Think, Know, Prove is a regular Saturday feature, where a topic with both mystery and importance is posted for community discussion. The title is a shortened version of the Investigative Mantra: What do we think, what do we know, what can we prove? and everything from wild speculation to resource referencing fact is welcome here.
Ok, so I’ve been a total failure at fulfilling my original plan and getting something written about Performance Based Funding (at least in part because I’ve been dragging my feet on reading the actual law), but I remain optimistic that it will happen next week. In the meantime, I’ve written about Key Performance Indicators twice (here and here) and found some interesting reading elsewhere on the topic that I thought I’d share.
First, there was this piece from Inside Higher Ed in which the author makes six suggestions in the hopes of informing the “new set of national metrics for assessing student performance at two-year institutions” under development by the Feds.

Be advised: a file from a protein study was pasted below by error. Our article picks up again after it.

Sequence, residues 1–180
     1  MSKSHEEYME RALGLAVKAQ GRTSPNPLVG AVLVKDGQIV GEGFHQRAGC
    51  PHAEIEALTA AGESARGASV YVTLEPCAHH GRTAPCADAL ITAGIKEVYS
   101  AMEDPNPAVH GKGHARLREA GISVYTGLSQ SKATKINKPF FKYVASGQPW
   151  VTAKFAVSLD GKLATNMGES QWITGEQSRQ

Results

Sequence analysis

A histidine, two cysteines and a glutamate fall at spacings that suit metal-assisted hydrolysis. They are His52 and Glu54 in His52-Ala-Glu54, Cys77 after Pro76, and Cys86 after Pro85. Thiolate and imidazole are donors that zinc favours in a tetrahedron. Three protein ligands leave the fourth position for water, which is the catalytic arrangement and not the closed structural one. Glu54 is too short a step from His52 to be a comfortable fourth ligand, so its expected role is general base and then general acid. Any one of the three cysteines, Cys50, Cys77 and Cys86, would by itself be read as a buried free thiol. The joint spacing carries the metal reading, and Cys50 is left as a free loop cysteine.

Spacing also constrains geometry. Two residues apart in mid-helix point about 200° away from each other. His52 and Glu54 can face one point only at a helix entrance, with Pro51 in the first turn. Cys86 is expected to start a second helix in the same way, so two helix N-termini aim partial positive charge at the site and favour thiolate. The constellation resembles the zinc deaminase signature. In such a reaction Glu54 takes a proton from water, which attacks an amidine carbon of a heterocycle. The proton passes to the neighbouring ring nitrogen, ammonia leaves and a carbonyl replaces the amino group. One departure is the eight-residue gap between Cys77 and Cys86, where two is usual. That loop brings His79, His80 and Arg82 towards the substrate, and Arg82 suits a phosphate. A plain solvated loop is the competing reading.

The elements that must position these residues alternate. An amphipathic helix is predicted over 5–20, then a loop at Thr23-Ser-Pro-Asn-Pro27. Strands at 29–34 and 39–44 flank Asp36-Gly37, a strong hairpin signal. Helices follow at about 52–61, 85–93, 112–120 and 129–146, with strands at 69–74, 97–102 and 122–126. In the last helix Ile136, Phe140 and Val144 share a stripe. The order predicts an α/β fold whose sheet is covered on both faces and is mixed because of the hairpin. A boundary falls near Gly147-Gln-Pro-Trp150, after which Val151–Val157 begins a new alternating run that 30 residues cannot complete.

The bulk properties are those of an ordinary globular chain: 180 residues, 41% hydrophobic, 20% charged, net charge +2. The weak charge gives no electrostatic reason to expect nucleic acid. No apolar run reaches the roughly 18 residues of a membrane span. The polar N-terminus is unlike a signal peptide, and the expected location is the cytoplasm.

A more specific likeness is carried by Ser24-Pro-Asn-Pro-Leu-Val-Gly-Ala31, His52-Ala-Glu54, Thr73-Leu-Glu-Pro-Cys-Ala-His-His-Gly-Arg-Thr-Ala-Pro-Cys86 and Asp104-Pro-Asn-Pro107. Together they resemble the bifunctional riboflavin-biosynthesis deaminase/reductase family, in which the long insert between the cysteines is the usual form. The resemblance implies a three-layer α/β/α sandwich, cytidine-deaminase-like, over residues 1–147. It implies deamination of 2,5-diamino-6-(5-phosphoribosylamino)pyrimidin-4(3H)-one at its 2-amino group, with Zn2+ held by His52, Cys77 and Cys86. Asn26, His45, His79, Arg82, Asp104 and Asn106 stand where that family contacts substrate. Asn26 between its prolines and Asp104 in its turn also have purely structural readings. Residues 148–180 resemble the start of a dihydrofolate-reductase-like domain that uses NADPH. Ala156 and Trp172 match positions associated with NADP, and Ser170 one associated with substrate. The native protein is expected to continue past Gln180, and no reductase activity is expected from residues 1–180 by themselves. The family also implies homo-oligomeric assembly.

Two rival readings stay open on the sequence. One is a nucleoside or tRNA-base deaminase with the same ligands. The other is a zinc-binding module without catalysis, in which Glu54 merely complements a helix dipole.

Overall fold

The six recommendations are:
Completion Rates for Community Colleges Should Include Transfers to Baccalaureate Institutions.Completion Rate Calculations Should Exclude Students Not Seeking Degrees.Recognize that Community College Students Who Start Full-time Typically Do Not Remain Full-time.Extend the Time for Assessing Completion to at least Six Years.When Comparing Completion Rates, Compare Institutions with Similar Students.Support Hopeful Signs at the Federal Level.
Their justifications are just as important and interesting as the suggestions themselves. It is a piece well worth reading.
The other one is an article about what colleges can learn from Moneyball. I thought it was interesting, anyway, and less scattered than my attempts on the same topic (see links above).
So, with all of that in your heads and maybe some additional knowledge about what is the current state of KPI development (ongoing at the FC4 level, in coordination with local administrations (looking at you Metoyer) and district office): What do you think? What do you know? What can you prove?